Precertification. The process of notification and approval of elective inpatient admission and identified outpatient services before the service is rendered. Often involves appropriateness review against criteria and assignment of length of stay. Failure to obtain precertification often results in a financial penalty to either the provider or the subscriber. Also known as preadmission certification, preadmission review and precert, this is a component of utilization management.
Preferred Provider Organizations (PPOs). Health care delivery systems in which hospitals, physicians and other health care providers agree to provide health care services at a discount. A health care arrangement between purchasers of care (e.g., employers, insurance companies) and providers that provides benefits at a reasonable cost by providing members incentives (such as lower deductibles and copays) to use providers within the network. Members who prefer to use nonpreferred physicians may do so, but only at a higher cost. Preferred providers must agree to specified fee schedules in exchange for a preferred status and are required to comply with certain utilization review guidelines.
Preferred Risk.An insurable interest anticipated to have a better or lower-than-average loss experience. Based on this prediction, preferred risks generally pay lower premiums than do standard risks.
Premises. The location of property, as specified in an insurance policy.
Premium. The payment to an insurer in consideration of the insurance coverage being provided.
Premium-to-Surplus Ratio. The ratio of net premiums written to policyholders' surplus; one of the major leverage ratios used to analyze company performance.
Premiums Earned. See Earned Premiums.
Premium Taxes. Taxes levied by states on premiums received by insurers. Premium taxes usually are assessed at rates approximating 2% to 3% of premiums.
Price-Anderson Act. Federal legislation that establishes a no-fault liability scheme for nuclear accidents and limits liability for each nuclear reactor facility. See also Nuclear Insurance Pools.
Primary Beneficiary. A person entitled to receive the proceeds of a life insurance policy on a priority basis.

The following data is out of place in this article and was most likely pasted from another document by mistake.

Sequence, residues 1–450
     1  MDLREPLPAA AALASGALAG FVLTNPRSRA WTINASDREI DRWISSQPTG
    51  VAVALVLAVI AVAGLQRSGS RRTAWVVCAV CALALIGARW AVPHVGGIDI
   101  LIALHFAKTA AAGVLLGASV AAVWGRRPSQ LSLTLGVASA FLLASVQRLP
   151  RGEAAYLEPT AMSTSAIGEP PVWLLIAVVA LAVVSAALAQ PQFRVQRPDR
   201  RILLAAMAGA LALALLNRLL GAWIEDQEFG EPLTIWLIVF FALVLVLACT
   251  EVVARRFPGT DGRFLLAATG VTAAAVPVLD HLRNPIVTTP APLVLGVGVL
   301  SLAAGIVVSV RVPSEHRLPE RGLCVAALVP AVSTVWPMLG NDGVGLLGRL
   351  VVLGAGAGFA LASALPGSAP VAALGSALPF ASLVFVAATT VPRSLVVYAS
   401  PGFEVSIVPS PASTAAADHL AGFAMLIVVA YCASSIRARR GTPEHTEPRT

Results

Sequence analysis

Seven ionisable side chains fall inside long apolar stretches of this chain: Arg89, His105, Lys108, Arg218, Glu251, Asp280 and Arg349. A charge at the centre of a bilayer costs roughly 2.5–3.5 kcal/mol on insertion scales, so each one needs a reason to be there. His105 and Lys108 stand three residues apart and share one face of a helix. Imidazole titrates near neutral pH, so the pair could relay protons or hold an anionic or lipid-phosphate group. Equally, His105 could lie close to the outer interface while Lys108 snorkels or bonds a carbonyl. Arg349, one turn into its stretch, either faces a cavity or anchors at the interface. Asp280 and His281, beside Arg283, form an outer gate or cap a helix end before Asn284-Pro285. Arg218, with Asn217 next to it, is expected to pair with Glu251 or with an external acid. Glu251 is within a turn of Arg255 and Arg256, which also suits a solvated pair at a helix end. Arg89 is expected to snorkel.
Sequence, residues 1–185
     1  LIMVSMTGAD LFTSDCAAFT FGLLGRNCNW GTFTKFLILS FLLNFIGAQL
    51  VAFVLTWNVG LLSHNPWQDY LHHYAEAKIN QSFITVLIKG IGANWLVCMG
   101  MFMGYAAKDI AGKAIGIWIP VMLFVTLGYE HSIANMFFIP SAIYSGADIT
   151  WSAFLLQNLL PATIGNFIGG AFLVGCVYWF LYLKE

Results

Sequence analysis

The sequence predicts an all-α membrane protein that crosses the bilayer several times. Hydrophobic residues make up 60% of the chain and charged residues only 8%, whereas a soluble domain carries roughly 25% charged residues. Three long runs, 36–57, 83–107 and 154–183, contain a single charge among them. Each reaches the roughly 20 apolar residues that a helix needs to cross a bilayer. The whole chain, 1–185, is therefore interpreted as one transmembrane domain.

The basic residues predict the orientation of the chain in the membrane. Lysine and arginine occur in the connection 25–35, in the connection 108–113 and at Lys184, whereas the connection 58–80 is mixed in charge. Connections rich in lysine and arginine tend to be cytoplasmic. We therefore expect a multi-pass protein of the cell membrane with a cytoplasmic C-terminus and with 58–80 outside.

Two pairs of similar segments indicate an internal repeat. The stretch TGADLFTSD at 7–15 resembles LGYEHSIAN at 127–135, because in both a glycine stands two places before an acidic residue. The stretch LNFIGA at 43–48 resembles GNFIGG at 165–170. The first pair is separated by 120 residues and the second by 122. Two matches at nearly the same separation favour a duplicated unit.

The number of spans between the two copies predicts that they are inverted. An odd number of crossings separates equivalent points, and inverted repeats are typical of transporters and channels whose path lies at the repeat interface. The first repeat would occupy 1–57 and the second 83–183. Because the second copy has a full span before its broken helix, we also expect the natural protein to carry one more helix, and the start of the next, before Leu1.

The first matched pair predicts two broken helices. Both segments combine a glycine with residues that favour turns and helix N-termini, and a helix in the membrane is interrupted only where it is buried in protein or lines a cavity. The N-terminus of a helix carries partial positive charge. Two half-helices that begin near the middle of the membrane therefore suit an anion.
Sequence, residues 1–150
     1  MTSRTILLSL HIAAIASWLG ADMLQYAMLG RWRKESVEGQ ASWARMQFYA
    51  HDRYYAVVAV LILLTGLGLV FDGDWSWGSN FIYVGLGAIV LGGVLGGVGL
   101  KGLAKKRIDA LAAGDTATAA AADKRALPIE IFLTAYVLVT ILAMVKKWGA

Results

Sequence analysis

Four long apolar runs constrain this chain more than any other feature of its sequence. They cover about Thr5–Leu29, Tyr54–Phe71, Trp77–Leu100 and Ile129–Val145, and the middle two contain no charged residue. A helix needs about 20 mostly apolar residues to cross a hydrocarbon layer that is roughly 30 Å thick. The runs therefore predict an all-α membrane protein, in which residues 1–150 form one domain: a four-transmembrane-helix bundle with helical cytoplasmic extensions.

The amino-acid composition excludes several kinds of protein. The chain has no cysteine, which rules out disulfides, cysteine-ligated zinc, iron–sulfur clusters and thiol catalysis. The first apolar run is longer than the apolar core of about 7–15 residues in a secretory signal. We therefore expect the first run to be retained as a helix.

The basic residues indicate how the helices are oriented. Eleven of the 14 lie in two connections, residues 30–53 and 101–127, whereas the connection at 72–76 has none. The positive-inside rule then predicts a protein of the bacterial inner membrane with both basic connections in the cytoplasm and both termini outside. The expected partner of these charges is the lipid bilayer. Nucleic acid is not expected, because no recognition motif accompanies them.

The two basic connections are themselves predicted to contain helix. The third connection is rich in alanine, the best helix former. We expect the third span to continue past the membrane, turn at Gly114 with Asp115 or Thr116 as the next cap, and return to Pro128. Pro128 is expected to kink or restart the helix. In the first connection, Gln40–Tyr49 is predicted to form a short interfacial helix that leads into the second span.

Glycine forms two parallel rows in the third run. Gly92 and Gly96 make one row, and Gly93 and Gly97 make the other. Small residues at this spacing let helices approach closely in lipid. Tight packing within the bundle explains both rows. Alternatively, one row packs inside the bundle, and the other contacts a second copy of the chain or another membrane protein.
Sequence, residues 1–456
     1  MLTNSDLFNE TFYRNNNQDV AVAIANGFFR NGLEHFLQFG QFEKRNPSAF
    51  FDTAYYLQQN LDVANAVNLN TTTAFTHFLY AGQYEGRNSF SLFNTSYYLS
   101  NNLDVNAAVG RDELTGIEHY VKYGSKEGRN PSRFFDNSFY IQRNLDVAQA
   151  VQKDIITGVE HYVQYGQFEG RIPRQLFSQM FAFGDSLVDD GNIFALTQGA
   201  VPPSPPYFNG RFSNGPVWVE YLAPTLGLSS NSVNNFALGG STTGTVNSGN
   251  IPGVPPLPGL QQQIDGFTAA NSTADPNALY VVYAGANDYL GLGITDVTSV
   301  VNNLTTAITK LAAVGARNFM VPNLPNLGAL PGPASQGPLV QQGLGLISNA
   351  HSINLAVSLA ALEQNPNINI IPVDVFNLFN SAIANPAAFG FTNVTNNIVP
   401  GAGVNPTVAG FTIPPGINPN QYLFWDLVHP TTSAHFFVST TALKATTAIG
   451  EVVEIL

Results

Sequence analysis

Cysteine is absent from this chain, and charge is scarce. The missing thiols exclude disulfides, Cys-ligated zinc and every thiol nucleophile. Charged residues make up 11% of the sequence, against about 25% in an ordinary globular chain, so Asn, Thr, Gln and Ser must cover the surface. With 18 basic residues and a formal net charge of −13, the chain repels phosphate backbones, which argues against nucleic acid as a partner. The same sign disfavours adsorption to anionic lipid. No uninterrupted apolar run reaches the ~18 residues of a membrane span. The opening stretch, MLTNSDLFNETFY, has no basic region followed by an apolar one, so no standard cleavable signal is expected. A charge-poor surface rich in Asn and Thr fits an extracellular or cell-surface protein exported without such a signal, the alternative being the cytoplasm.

Primary Care. Basic or general health care usually rendered by general practitioners, family practitioners, internists, obstetricians and pediatricians, often referred to as the primary care provider (PCP). Referral is made to secondary care specialists, as necessary.
Primary Care Case Management (PCCM). A form of state-managed Medicaid in which beneficiaries select a primary care physician, who is paid a flat monthly fee and must approve and monitor the use of Medicaid services. Other providers are paid as under a traditional Medicaid program.
Primary Care Provider or Primary Care Physician (PCP). The physician responsible for overseeing and coordinating all aspects of a patient's medical care. In order for a patient to receive a specialty care referral or hospital admission, this physician must preauthorize the visit, unless there is an emergency. Also known as a "gatekeeper."
Primary Company. An insurer that deals directly with the consumer to provide insurance coverage.
Principal. The party primarily liable under a surety bond.
Prior Acts Coverage. A provision in certain claims-made insurance policies that specifies that acts as of a certain retroactive date will be covered.
Prior Approval Laws. Legislation that requires insurers to file proposed rates with insurance regulators and obtain approval by the regulators before the rates can be used.
PRO. See Peer Review Organization.
Probable Maximum Loss (PML). The largest loss estimated by an underwriter as applicable to a particular risk, given the worst combination of circumstances perceived as possible.
Probate Bond. See Fiduciary Bond.
Probationary Period. The waiting period required before one can participate in a group plan or have coverage under a policy.
Proceeds. The amount payable from an insurance policy.
Producer. A person who originates insurance business, e.g., an agent.
Products Liability Insurance. A form of insurance that covers legal liability for losses resulting from products designed, manufactured or distributed by the insured.
Professional Liability Insurance. A form of insurance that covers an insured's liability for any actual or alleged breach or neglect of duty committed in the conduct of the insured's profession.